To add more complexity to the topic, the act of discrimination can be categorized as either conscious or unconscious. Conscious meaning that someone is knowingly and with intentional malice discriminating against people. Of the two, unconscious is the most dangerous. It’s bigotry that sits inconspicuously within the hearts and minds of people who display it in ways that come naturally to them and without forethought of consequences. Like conscious bigotry, unconscious is intentional and delivered with malice, though not always realized by the offender. The discernible difference between the two is, unconscious is so finely ingrained into the deliverer’s character that s/he may not view the bigoted comment or action as being offensive. Neither conscious nor unconscious is more or less odious than the other. Both lack social consciousness and subsequently, greed, want and fear are at the heart of these biases.
Add Social Media To The Mix
Social media has opened very wide doors into knowing a lot about people and in the case of employers, a lot about job candidates. Profile information that may house photos alluding to or disclosing age (think ClassMates updates on Facebook), religious affiliation (pictures of a brother wearing his yarmulke), and even something as innocuous as pictures of your child, dog and life partner. These images reveal information that can potentially be used against a person and further given social media is a digital venue, all information is saved for posterity. My comments are not an attempt to discourage anyone from using social media, whether it’s the company or job seeker. The point I’m making is that social has added another dimension to the ways discrimination may rear its ugly head and something everyone should approach with sensitivity.
Where To Begin
Without acknowledging the egregious nature of discrimination and implementing structured processes to eliminate it, bias and subsequent discriminatory acts in the workplace will not change. The only way to combat discrimination is to take it on with full intention. It should start with non-discriminatory practices for hiring and carry through the entirety of each person’s employment.
To start, whether required by law or not employers need to incorporate a structured process into their hiring practices where unbiased policies are adhered to by all parties involved in the vetting and acquisition of new talent. There are many technological tools available for companies and staffing firms which help remove the element of doubt when identifying candidates and aid in EEOC reporting, contrary to what was stated by someone in the aforementioned article. Once people are onboarded, these individuals should be provided access to the employee handbook that outlines what will not be tolerated in the workplace. (Employers must be familiar with their legal obligations as prescribed by national and state laws.) All employees, regardless of tenure and position, need to access the handbook and should be required to review and be given opportunity to ask questions if something is not easily understood. Many legal professionals recommend handbooks that outline general workplace policies and employees’ responsibilities, with emphasis on consistency and accountability. Further all employees, especially managers, need to be trained to identify what’s discriminatory and what’s not and to be provided resources to either wage complaints or manage complaints without suffering retribution. Above all, a governing power needs to be in place to ensure that consistency and adherence are being practiced by everyone within the organization.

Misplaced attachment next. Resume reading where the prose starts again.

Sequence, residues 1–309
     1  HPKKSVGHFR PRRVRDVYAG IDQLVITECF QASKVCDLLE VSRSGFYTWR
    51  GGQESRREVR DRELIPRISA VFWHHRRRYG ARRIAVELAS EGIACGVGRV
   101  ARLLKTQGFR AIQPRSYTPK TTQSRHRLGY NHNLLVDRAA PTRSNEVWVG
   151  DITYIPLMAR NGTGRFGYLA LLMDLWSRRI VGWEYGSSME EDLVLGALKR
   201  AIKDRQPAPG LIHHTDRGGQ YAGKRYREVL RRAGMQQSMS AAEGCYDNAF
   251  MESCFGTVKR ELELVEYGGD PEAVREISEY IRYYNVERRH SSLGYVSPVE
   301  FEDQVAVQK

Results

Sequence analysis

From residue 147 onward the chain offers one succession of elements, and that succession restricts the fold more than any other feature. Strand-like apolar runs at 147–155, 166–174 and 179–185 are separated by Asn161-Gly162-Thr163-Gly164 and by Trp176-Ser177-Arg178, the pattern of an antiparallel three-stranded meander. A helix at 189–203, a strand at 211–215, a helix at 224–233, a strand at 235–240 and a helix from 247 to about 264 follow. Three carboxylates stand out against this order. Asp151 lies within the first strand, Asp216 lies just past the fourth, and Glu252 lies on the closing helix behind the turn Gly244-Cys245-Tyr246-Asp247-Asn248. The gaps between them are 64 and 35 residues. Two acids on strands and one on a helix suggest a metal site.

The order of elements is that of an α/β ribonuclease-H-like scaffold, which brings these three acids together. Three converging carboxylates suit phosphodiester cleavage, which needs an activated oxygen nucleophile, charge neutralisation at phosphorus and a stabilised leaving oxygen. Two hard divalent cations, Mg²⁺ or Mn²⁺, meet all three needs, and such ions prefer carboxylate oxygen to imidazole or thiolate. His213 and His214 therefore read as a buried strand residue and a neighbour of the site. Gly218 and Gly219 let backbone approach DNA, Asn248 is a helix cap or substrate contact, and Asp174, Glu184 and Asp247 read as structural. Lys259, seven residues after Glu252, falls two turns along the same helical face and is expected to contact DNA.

What I mention here is important, albeit, just the tip of the iceberg. Much more is needed to eradicate discrimination in the workplace, but the most important steps are recognizing the signs (intentional or unintentional) and taking action to eliminate it from your business. Leadership needs to live up to their mission statements and create workplaces that value and recognize diverse contributions and further how this can tie into customer service delivery and positively affect the company’s bottom line. In recognizing that people are not commodities, but are contributors to the advancement of a company’s mission, the culture of the organization takes a different view of the human relationship with each person.
Lastly, until people reevaluate the attitude of “greed is good” and balance that with the greater good of humankind, discrimination will continue as part of the business machinery in this country. Will you be that person who steps up to make a difference?